Frontiers

An Inevitable Revolution

In this video Q&A, Eve Troutt Powell provides a historian's perspective on the Egyptian uprising.
March 2011
Egypt's mass protests and the resulting overthrow of Hosni Mubarak's thirty-year presidency took much of the world by surprise. But Associate Professor of History Eve Troutt Powell believes that although Tunisia's recent revolution roused Egyptians, their own uprising was inevitable, fueled by decades of grievances against Mubarak's autocratic regime, including economic stagnation and human rights abuses.

A cultural historian who specializes in the modern Middle East, Troutt Powell first went to Egypt in 1983 on an internship with the American University in Cairo. She has spent half her life traveling back and forth to the country, and is the author of A Different Shade of Colonialism: Egypt, Great Britain and the Mastery of the Sudan. She is now working on a book about the memory of slavery in the Nile valley.

"Egypt has a history of political activism and political revolt...this is a country that knows how to rise up and articulate its needs when necessary."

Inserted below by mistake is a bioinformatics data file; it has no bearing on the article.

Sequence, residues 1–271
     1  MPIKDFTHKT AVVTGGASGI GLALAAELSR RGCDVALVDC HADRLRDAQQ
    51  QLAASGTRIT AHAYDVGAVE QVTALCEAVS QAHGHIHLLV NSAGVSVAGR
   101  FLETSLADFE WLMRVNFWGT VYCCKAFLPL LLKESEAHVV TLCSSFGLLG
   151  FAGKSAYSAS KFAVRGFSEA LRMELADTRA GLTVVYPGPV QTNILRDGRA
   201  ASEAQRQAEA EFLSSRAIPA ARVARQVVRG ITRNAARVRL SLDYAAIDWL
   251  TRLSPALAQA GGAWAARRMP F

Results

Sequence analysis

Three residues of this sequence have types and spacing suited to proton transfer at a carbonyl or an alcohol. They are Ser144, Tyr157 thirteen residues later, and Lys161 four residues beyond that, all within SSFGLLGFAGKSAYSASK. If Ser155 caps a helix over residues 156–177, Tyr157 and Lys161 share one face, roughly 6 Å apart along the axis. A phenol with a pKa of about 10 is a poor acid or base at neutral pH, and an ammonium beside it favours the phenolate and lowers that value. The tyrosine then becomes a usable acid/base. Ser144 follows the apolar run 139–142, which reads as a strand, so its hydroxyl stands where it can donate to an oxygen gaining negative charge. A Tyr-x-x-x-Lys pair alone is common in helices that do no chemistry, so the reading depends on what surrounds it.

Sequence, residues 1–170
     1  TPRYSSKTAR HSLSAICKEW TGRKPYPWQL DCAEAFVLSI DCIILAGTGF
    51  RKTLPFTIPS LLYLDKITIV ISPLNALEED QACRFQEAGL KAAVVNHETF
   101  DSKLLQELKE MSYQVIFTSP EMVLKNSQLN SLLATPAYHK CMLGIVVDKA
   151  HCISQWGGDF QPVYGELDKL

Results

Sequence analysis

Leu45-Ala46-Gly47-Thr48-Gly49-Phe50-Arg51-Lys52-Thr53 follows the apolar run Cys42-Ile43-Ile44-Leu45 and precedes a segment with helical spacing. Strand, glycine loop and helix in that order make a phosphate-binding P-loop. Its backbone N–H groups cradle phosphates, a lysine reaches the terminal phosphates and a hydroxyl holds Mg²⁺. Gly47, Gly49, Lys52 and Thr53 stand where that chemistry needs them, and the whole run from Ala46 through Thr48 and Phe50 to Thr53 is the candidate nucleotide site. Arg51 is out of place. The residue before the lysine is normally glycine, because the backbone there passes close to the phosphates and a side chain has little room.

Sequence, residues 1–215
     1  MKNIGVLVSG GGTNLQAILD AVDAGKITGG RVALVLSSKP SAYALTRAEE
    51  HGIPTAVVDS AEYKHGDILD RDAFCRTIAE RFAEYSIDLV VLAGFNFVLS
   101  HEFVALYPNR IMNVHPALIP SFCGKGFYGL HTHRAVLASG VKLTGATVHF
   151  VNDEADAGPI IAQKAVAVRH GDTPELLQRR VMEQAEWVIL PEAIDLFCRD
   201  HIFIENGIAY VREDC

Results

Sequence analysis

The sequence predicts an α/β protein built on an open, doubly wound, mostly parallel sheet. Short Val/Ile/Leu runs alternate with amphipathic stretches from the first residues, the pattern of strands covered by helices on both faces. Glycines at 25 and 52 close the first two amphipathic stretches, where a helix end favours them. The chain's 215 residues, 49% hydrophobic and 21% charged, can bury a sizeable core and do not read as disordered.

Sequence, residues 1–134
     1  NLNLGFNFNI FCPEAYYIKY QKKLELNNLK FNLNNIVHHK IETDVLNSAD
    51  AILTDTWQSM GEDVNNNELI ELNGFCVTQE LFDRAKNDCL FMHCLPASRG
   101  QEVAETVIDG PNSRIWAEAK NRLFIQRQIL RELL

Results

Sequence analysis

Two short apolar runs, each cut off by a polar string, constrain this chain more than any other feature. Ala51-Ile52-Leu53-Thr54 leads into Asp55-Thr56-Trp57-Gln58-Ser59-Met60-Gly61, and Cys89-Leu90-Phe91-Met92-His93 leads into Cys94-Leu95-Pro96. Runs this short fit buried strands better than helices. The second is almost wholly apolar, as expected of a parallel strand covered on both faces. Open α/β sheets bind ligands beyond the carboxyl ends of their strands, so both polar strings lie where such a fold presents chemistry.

- Eve Troutt Powell

As the most populous country in the Arab world prepares for its new future, Frontiers sat down with Troutt Powell to discuss its past. In this video Q&A, she talks about the forces of history behind the revolution, its key players and its transformative impact around the world.

 

1. Egypt is no stranger to revolution, having gone through two others in the past 100 years. How can this history help us understand the current uprising?

2. Prior to this revolution, how were Egyptians expressing their opposition to the Mubarak regime?

3. What role have Egyptian women played in the revolution?

4. There are concerns, stemming from Muslim Brotherhood’s involvement in the revolution, about the potential rise of a theocratic regime in post-Mubarak Egypt. Based on this group’s role in Egypt’s history, how would you respond to these concerns?

5. The Egyptian military says it will shepherd the transition to a more representative government—a promise viewed with skepticism by many in Egypt and around the world. What shape do you think this transition will take?

6. Given the impact of Mubarak’s toppling on other Middle Eastern countries like Bahrain and Yemen, it’s easy to overlook the fact that Egypt is part of Africa as well. What does the revolution mean for Egypt’s African neighbors?

7. What will the global impact of these events be?